Irish League clubs hit out after funding denied to fix ‘third world standard’ grounds

Glentoran FC has been promised £10m to redevelop The Oval. Pic Colm Lenaghan / Pacemaker

Colin McKendry, chairman of Coleraine FC, said his club was “extremely disappointed but not surprised”.

He told the Nolan Show on BBC Radio Ulster: “I’m very, very disappointed that sport in general has now become a political game.

“I think the people of both communities, be it Casement, be it the sub regional, need the funding released, we need to get to a stage where we can welcome communities from all sections into our grounds.

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“A lot of our stadia is third world standard, yet we’re trying to raise the bar here.

“We really need to step up to the plate here to ensure that we have first class facilities, give the people what they deserve. Sport in general crosses all divides and we need to deliver for the people of Northern Ireland.

“We’re trying as a football family, we would like the politicians to do the same – come to an agreement, get us what we need, what we’ve been looking for, what we’ve been promised and get it to use as soon as possible.”

Crusaders FC treasurer Tommy Whiteside also spoke on the programme. He said Irish League clubs have been waiting for this money since the Taylor report to bring their grounds up to safe standards.

He said: “In effect [the minister] is creating a hierarchy of sports fans, GAA fans deserve their development and they need their safe stadium, but so do football fans. Is GAA fans’ safety more important than Irish League fans?”

As well as criticising the SF minister he said that the DUP also had the chance to release the funds when Paul Givan was Communities Minister, and despite receiving what he claimed was a personal assurance, he didn’t do it.

Larne FC owner Kenny Bruce said his club would be seeking legal advice on how to recover the tens of thousands spent on planning, building consultants and designers.

He said: “Not only have you pulled the rug from under our feet you have cost our communities millions. This is outrageous.”

Chief executive of the Northern Ireland Football League Gerard Lawlor described the decision as “disgraceful and unforgivable”.

The former Cliftonville FC chairman Mr Lawlor said he was “disappointing but not surprised” at the announcement.

He said: “To coin a well-known political phase ‘we haven’t gone away you know’ nor will we.

“Our clubs offer so much to their communities and the economy, this treatment is disgraceful and unforgivable.”

In 2011, a total of £110m was promised by the Executive to develop regional stadia (Windsor Park, Kingspan and Casement) while £36m was earmarked for a ‘Sub-Regional Stadia Programme for Soccer’.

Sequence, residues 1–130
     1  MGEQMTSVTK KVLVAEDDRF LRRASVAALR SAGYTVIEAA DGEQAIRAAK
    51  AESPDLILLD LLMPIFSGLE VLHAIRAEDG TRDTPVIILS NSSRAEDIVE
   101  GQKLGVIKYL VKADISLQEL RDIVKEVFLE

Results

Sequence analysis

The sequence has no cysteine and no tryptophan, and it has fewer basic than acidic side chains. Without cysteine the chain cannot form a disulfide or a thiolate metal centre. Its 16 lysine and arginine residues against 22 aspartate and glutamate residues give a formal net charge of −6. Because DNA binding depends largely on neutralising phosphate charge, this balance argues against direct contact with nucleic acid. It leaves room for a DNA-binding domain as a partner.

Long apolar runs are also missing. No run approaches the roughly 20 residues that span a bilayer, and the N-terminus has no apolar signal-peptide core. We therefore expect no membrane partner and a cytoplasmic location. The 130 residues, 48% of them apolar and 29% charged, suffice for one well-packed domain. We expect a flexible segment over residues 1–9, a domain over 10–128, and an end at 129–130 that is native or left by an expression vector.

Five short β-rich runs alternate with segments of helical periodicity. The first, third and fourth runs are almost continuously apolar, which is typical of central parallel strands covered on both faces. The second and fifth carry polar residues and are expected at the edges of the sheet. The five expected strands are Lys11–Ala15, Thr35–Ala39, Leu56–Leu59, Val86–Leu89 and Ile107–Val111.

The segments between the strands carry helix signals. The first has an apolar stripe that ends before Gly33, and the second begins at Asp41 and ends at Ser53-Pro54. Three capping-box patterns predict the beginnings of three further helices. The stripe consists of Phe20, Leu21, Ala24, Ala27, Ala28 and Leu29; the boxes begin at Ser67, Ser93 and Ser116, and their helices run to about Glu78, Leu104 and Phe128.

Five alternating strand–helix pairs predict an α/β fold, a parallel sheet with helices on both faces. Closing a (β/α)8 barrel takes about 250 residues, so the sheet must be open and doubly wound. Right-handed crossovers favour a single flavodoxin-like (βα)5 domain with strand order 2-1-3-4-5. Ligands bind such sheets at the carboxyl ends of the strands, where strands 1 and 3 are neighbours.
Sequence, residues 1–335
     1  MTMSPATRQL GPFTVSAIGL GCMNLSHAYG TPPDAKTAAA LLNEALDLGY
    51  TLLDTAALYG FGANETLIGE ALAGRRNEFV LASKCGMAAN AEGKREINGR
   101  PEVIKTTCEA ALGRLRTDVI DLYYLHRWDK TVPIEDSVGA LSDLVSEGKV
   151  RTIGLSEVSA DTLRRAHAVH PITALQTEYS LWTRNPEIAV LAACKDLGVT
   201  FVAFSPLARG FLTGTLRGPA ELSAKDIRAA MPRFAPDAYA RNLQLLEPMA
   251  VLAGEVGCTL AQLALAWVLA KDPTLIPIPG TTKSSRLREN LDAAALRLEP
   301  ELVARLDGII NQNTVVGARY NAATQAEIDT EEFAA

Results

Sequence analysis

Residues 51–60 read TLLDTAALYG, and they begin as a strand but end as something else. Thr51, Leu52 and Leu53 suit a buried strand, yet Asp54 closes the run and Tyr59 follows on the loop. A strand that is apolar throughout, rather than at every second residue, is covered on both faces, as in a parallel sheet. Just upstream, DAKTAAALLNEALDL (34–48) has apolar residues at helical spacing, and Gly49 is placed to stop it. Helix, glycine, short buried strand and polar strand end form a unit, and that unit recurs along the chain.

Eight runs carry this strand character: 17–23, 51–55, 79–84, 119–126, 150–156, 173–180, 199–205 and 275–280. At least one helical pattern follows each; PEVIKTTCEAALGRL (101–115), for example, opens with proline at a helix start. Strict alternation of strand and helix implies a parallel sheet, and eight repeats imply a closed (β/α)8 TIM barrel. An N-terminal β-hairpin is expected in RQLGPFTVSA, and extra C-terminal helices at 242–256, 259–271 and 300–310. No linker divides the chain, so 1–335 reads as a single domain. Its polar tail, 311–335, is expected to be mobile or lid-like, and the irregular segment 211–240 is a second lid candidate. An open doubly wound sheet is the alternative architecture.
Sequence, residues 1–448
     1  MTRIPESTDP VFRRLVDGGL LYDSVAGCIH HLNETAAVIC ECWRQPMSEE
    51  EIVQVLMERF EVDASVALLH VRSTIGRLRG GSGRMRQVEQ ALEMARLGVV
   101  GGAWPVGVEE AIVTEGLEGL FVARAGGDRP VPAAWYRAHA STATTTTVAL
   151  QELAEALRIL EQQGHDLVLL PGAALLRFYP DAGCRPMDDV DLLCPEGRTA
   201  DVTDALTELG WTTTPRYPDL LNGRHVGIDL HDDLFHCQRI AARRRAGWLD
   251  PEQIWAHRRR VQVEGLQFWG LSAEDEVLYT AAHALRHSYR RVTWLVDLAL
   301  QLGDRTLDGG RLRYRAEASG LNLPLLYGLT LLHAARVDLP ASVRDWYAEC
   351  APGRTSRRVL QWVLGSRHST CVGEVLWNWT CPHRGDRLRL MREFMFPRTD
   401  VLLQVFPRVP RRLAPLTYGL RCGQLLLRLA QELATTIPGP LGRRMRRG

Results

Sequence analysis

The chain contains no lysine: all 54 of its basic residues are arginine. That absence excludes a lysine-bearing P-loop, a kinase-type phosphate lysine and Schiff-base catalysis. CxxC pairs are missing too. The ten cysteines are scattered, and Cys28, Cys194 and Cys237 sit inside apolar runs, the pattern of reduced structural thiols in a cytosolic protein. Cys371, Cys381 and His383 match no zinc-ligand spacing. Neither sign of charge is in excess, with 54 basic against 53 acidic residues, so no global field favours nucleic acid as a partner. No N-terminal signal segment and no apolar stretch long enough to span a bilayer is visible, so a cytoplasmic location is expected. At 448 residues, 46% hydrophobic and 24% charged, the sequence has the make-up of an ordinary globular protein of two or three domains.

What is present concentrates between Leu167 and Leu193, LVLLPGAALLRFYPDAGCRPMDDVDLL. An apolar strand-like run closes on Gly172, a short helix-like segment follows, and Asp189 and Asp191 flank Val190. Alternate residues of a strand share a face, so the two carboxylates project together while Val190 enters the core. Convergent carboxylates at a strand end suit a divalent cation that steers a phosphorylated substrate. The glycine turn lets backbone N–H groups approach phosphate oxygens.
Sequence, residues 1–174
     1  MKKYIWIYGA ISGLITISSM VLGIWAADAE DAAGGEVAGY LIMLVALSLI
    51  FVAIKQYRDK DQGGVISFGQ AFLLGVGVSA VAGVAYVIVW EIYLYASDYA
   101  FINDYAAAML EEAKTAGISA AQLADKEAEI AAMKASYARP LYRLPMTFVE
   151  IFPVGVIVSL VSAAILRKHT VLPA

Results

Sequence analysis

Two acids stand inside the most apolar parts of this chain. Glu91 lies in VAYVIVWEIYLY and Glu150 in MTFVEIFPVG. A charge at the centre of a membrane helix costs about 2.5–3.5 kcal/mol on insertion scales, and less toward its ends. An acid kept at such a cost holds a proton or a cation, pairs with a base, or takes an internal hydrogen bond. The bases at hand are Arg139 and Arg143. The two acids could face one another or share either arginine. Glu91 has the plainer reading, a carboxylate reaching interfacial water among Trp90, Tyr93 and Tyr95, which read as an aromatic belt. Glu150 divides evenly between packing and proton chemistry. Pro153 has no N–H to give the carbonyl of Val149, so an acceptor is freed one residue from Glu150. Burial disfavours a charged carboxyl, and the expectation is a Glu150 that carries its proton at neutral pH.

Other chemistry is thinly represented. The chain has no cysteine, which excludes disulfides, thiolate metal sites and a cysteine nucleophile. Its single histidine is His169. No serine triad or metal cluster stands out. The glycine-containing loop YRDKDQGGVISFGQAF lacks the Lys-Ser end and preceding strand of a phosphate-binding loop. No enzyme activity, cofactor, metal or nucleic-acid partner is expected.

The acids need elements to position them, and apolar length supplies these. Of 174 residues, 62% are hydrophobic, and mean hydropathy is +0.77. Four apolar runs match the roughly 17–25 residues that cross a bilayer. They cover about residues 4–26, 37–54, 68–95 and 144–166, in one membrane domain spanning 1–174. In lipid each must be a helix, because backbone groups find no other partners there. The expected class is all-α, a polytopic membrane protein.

Of that £36m, £10m was earmarked for the redevelopment of The Oval, home of Glentoran FC – and £17 was for other Premiership clubs.

More of the cash was to be spent at Championship level and on a single Intermediate/Junior football facility, while £3m was to go towards the development of a National Training Centre.

By March 2019, £61.8 million had been spent, reflecting the full costs associated with Ulster Rugby’s Kingspan stadium and The National Football Stadium at Windsor Park and pre-construction development costs for the Casement Park project.

At that stage the Sub-Regional Stadia Programme for Soccer had not yet formally begun.

While the plan to upgrade football stadia has been shelved by Communities Minister Deirdre Hargey, Finance Minister Conor Murphy said funding for Casement Park was secure as it had special flagship status.

Both Ms Hargey and Mr Murphy offered an explanation yesterday that the two projects were at different stages of progression, with the Casement redevelopment a live project, while the sub regional stadia programme had not reached the stage of identifying what works would be undertaken.

Asked why only funding for Casement Park is being ring fenced as a flagship project, a spokesperson for the Department for Communities said: “The minister has been clear that the £36.2m to regenerate stadiums is ring fenced. The minister is absolutely committed to delivering this investment to support clubs and build first-class facilities.

“It is well known that options for the future of the Sub Regional Stadia Programme requires Executive approval. The collapse of the Executive is preventing the regeneration of local stadiums.

“The minister is exploring all options available in the current situation.”

When asked the same question, the Department of Finance, gave a short response: “The Sub-Regional Stadia Programme is a Flagship Project.”

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